Health and Healthcare

These scientists wiped out a mosquito population by hacking their DNA

Genetically modified male Aedes aegypti mosquitoes are pictured at Oxitec factory in Piracicaba, Brazil, October 26, 2016.  REUTERS/Paulo Whitaker   TPX IMAGES OF THE DAY      - S1AEUJGOIJAA

The researchers used CRISPR to modify the gene responsible for determining sex. Image: REUTERS/Paulo Whitaker

Kristin Houser
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Health and Healthcare

Bye, skeeters

They might be tiny, but mosquitoes cause millions of deaths every year by spreading diseases like malaria and dengue. Now, new research suggests we could wipe the destructive buggers off the map using a genetic engineering technique known as a gene drive — if we’re willing to risk permanently altering our ecosystem.

A gene drive lets researchers make a change to one organism that it then passes down to its offspring, like a genetic time bomb. Using the technique, researchers from Imperial College London completely wiped out a caged population of Anopheles gambiae, the mosquito species that spreads malaria in sub-Saharan Africa.

Scrambled eggs

For their study, published Monday in the journal Nature Biotechnology, the researchers used CRISPR to modify the gene responsible for determining sex in 150 male mosquitoes. That alteration made the male gene dominant — the idea was, over time, that the population would stop producing females, driving them to collapse.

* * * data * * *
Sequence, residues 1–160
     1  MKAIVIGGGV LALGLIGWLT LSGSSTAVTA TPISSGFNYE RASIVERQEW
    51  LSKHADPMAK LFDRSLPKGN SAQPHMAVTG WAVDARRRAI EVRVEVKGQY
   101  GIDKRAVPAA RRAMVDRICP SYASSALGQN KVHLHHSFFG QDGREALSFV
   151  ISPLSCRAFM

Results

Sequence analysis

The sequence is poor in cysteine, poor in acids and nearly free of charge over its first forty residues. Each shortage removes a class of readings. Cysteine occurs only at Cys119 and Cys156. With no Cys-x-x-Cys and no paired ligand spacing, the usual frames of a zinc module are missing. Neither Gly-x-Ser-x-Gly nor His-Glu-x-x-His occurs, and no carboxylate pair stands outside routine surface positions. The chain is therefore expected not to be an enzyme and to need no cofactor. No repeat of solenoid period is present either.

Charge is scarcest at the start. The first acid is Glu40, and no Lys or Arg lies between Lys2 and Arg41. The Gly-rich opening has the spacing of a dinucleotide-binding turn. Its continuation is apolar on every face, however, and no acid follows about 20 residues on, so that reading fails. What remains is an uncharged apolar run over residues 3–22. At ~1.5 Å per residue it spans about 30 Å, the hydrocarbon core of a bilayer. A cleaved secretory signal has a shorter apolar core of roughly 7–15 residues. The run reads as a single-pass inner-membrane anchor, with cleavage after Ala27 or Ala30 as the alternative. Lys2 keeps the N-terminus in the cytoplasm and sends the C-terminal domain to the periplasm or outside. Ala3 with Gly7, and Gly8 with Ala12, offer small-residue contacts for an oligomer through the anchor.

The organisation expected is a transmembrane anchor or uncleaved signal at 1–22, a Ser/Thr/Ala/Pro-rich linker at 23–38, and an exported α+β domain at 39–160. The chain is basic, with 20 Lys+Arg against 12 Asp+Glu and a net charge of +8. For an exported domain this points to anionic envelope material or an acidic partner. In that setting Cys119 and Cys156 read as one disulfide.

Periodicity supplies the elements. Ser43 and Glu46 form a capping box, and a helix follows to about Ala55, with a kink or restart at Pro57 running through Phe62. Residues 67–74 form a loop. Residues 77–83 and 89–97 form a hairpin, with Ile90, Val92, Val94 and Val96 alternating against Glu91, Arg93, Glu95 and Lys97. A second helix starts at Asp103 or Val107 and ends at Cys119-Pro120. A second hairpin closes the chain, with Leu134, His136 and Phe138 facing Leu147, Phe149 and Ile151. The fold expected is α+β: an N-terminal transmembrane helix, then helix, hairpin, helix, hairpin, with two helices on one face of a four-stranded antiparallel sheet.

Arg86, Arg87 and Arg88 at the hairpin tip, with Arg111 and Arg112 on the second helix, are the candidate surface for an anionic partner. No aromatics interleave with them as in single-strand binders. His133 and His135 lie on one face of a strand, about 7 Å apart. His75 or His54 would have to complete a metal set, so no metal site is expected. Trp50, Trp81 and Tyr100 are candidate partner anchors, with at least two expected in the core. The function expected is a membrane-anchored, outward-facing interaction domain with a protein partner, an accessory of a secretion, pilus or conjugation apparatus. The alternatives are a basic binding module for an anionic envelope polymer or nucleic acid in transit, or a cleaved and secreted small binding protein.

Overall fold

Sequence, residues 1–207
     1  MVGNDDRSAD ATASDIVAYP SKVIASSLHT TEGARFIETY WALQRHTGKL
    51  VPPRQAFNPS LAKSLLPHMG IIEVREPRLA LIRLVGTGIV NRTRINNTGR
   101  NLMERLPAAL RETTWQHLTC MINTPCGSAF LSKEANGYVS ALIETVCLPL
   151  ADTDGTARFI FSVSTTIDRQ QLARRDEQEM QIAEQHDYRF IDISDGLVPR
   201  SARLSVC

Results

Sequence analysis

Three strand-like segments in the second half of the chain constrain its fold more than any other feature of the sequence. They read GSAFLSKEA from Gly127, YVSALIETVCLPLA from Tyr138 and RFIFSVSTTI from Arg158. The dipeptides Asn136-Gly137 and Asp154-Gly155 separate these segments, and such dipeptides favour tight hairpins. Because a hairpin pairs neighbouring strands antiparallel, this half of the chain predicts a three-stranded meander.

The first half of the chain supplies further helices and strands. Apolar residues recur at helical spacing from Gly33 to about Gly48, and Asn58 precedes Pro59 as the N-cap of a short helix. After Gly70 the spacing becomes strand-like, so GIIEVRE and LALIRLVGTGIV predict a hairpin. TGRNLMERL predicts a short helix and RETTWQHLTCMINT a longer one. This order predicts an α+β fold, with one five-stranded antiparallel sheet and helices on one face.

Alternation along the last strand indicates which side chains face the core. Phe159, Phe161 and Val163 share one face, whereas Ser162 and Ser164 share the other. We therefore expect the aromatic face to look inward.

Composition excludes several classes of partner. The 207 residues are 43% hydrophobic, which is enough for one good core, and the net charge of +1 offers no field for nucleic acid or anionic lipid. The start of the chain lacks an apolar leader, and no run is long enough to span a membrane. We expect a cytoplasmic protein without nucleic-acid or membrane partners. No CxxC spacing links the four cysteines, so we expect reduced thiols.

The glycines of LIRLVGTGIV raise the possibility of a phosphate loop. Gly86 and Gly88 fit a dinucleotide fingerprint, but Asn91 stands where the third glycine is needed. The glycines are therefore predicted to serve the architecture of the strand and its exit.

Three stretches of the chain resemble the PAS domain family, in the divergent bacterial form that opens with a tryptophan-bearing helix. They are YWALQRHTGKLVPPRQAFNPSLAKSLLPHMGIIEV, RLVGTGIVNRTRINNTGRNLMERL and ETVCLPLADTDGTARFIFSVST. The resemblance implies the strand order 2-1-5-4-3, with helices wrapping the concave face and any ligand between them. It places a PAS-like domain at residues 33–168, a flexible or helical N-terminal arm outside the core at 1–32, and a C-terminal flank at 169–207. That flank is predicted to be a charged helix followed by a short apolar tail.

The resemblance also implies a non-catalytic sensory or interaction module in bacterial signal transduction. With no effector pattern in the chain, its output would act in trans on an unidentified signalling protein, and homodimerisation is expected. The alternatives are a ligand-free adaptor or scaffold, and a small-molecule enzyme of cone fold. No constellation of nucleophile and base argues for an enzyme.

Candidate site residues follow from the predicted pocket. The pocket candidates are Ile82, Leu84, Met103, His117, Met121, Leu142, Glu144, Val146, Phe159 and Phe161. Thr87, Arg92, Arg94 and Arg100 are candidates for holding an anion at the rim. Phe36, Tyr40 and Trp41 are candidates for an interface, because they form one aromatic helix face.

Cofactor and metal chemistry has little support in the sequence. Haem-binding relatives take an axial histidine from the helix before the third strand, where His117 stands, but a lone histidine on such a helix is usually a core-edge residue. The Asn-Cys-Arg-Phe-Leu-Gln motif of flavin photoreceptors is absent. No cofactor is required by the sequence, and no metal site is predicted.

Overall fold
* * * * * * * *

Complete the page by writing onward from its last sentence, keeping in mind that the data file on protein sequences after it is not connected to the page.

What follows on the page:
Image: Cambridge University Press

The researchers added these genetically altered mosquitoes to a caged population of 450 unaltered male and female mosquitoes to reproduce with them. The hack worked: Subsequent generations of females exhibited male and female characteristics, couldn’t bite, and couldn’t lay eggs. By the eighth generation, there were no longer any females in the population at all.

Wild card

Have you read?

This is the first time scientists have seen a gene drive effectively suppress an entire population.

But knowing that the technology works is only one part of the battle. We also need to figure out whether it could cause any unintended side effects if it’s unleashed outside the lab.

Unfortunately, that’s something we might not be able to figure out until we actually give the tech a shot in the wild — which Andrea Crisanti, the lead researcher in the Imperial College study, said in a press release probably won’t happen for another five to 10 years.

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